Emission impossible? Carbon capture and storage event report
Amid flurries of hot air and gas leaks, delegates at a carbon capture and storage event at the Royal Society in London on 7 February plotted a way forward for the beleaguered industry. Eoin Redahan reports.
Is it right to continue a space programme when dole queues lengthen, or is it better to light the frontiers for the benefit of future generations? The carbon capture and storage (CCS) industry is in a similar bind. Significant resources are going into technologies that are expensive and unproven.
Delegates at the Carbon Capture and Storage: Demonstration Programmes and the Pathway to 2050 emphasised the importance of CCS in the energy mix. As Adam Dawson, of the UK’s Department of Energy and Climate Change (DECC), noted, there are two primary low carbon technologies in the UK at the moment: wind and nuclear. If an 80% reduction in carbon emissions is to be achieved by 2050, he feels it would be prudent to adopt more than two low-carbon energy sources.
Nevertheless, the public remains unconvinced. Retrofitting existing plants with post-combustion and pre-combustion technologies is energy-intensive and expensive. According to Scottish Carbon Capture and Storage, post-combustion capture can increase energy costs by 20–30%. Eventually, the organisation hopes this figure will fall to about 10%, but the fear is that irreparable climate change will have already occurred by the time this comes about.
Green groups have also voiced concerns about the use of the captured carbon. Few oppose its transportation for use in enhanced oil recovery (EOR), but sequestration methods have been met with stinging criticism.
In some cases, carbon has been injected into underground geological formations (such as aquifers). Suggested sequestration alternatives include exhausted gas fields and as lake deposits on the sea floor. Proponents claim that carbon can be safely trapped underground for millennia, but the potential for natural disaster and human error have left many unconvinced.
Thus far, governments and industry have proven equally reticent in practice, if not in rhetoric. There are currently only eight projects operating on a large commercial scale (capturing, transporting and storing 500,000t or more of CO2 per annum) in the world.
Of the 27 EU member states, only two (Spain and Romania) followed through on the EU Storage of Carbon Dioxide Directive in June last year. Furthermore, when taking into account that CCS is not recognised by the Kyoto Protocol, the vista looks bleak.
‘There is no point in wasting money unless there is a global agreement,’ said John Gibbons, Professor of Power Plant Engineering and Carbon Capture in the University of Edinburgh, UK. ‘As and when we get global agreement, we’ll be rolling [technologies] out in larger quantities.’
This would go some way towards explaining the UK Government’s stance. After four years, it has jettisoned the Longannet CCS Demonstration project in Scotland, and delegates lamented the lack of firm commitment towards future projects. As Gibbons said, ‘Policy is a bit of an empty gesture without delivery’.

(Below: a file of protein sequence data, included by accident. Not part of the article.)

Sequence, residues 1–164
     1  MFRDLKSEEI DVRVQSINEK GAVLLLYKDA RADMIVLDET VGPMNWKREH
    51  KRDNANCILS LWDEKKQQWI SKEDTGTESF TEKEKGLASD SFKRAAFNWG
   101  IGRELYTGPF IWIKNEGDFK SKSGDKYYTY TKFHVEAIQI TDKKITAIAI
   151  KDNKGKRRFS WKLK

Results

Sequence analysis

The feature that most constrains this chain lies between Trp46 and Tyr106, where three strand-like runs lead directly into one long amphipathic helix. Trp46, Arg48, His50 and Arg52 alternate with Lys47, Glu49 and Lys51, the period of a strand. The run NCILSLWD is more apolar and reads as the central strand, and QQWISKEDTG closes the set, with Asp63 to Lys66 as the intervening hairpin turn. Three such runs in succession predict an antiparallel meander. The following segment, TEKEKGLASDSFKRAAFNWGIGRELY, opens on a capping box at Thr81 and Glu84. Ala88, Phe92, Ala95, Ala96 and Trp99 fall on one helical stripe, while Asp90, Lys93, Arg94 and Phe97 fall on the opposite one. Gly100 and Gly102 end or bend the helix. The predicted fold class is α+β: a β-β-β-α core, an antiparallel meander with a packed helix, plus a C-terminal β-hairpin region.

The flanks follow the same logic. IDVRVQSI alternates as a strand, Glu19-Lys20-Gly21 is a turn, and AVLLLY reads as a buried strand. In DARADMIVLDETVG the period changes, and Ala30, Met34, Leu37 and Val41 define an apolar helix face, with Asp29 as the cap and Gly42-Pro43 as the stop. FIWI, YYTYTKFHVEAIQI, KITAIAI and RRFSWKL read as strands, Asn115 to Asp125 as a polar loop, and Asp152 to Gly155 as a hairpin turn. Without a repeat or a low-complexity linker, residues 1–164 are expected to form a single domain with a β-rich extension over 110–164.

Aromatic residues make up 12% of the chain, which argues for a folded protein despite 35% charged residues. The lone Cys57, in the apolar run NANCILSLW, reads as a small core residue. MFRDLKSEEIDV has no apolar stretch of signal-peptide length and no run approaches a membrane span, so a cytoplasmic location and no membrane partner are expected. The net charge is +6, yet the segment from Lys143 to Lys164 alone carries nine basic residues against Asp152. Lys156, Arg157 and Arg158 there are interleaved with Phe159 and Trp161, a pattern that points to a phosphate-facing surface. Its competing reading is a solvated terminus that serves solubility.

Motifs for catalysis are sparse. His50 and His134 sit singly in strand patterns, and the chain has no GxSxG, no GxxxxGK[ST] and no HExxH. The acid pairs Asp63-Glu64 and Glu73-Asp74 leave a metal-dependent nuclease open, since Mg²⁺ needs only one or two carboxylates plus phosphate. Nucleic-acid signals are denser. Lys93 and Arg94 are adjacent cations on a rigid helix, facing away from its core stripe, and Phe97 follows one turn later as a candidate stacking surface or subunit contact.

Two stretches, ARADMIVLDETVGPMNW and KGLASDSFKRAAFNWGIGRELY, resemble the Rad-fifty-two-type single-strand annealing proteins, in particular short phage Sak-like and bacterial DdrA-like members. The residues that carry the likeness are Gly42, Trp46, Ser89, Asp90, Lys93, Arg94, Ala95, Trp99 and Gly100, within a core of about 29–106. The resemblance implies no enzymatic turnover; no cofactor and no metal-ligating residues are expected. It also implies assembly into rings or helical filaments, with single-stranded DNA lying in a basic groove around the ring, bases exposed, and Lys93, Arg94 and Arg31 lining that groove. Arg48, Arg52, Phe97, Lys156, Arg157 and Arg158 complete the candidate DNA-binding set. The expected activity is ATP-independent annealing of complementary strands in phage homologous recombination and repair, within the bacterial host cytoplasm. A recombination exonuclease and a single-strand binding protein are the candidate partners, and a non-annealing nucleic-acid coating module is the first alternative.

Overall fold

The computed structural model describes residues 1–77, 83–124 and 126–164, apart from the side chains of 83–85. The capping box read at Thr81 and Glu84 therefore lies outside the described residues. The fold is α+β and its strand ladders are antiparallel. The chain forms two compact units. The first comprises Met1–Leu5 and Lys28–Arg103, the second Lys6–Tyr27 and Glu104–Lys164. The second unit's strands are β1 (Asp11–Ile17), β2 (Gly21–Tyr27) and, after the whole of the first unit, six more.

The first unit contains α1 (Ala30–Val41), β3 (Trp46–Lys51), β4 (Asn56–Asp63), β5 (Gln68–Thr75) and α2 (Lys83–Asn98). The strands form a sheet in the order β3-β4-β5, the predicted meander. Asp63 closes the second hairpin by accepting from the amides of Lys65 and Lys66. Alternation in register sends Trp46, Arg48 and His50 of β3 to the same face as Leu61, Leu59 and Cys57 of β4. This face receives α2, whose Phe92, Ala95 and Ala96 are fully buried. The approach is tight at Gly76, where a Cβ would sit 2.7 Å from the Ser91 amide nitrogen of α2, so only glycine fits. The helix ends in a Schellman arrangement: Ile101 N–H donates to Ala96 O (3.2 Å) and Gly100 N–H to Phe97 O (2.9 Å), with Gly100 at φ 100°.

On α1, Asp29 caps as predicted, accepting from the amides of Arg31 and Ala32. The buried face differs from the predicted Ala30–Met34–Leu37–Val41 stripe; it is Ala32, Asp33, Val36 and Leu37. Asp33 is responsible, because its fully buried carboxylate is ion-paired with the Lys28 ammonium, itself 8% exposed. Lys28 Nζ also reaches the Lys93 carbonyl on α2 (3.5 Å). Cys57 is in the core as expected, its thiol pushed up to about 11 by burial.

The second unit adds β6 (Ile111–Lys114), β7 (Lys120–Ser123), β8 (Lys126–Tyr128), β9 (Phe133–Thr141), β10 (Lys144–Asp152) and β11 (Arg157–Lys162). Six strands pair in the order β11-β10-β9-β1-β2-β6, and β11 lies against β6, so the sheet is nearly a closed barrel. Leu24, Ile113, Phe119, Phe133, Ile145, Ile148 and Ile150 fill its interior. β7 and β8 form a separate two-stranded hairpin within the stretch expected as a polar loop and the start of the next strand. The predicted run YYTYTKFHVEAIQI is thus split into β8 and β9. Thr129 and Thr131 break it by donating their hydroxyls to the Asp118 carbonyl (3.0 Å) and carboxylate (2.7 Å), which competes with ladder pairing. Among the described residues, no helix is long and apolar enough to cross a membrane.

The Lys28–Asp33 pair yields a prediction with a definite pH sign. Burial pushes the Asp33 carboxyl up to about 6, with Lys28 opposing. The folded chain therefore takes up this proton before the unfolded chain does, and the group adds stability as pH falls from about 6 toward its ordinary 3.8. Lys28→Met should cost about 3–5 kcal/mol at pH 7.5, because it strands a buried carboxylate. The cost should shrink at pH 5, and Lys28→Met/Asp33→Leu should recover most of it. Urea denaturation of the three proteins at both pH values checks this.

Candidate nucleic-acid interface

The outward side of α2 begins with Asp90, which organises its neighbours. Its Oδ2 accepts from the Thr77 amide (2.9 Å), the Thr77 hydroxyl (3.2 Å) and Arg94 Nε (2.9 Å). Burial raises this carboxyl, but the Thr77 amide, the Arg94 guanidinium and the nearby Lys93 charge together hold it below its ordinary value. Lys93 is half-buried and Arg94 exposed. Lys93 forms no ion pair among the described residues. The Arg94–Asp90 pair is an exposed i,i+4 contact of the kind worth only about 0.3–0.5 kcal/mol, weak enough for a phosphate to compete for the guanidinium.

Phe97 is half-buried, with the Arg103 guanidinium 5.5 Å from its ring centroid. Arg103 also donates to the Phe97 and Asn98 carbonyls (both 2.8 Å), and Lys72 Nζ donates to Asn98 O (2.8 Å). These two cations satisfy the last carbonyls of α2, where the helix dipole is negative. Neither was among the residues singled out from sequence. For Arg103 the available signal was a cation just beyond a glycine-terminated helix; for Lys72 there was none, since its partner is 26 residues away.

Delegates emphasised the importance of getting a consolidated roadmap from DECC and, more importantly, a functioning CCS demonstration project (for gas and possibly coal) that would provide motivation for developers and potential industrial partners.
With the exorbitant start-up cost of CCS projects often stymying progress, there was a call for more government intervention. According to Dr Harsh Pershad, Senior Consultant at Element Energy in London, aquifer appraisal alone (for sequestration purposes) can take between five and seven years. ‘The private sector cannot invest in that. It simply costs too much.’
The issue of government intervention in creating clusters for more efficient CCS was also raised. ‘If you leave it to the market,’ Pershad noted, ‘you will get a non-optimal location’. According to Dr Prem Mahi, of Mott McDonald in Brighton, UK, ‘Transport storage makes up 50% of the cost. If you’re looking for cost reduction, clusters are the answer.’
However, even with the implementation of these measures, further investment is needed. Lynn Hunter, who leads TUV NEL’s CCS activities, pinpointed the urgent need for technology that measures flow, composition and leakage measurements in prospective plants. As with many of the professionals present, she underlined the need to get a working prototype built. There was a consensus that a functional demonstration plant (ideally for both gas and coal plants) would accelerate learning and provide much needed motivation for those working in the sector.
Nevertheless, the UK Government has assured sceptics that its commitment to CCS remains steadfast. Dawson reiterated the £1bln it will commit towards future projects. He added that the progress made in other countries, such as the Rotterdam Capture and Storage Demonstration Project in the Netherlands, will stimulate the industry as a whole. However, he added, ‘If we can’t remunerate the technology, it isn’t going to work’.
At the moment CCS poses many questions, but it provides few answers. It is unproven. It may never become commercially viable, and the public may never accept sequestration. Yet, delegates agreed that it should be afforded the opportunity to prove its worth in the low carbon energy mix.
In his concluding remarks, Dr Alan Whitehead, MP and Member of the UK’s Energy and Climate Change Select Committee, said that CCS is being developed ‘for the greater good’.
He could be right, and he may mean it, but it still sounded ominously like political rhetoric.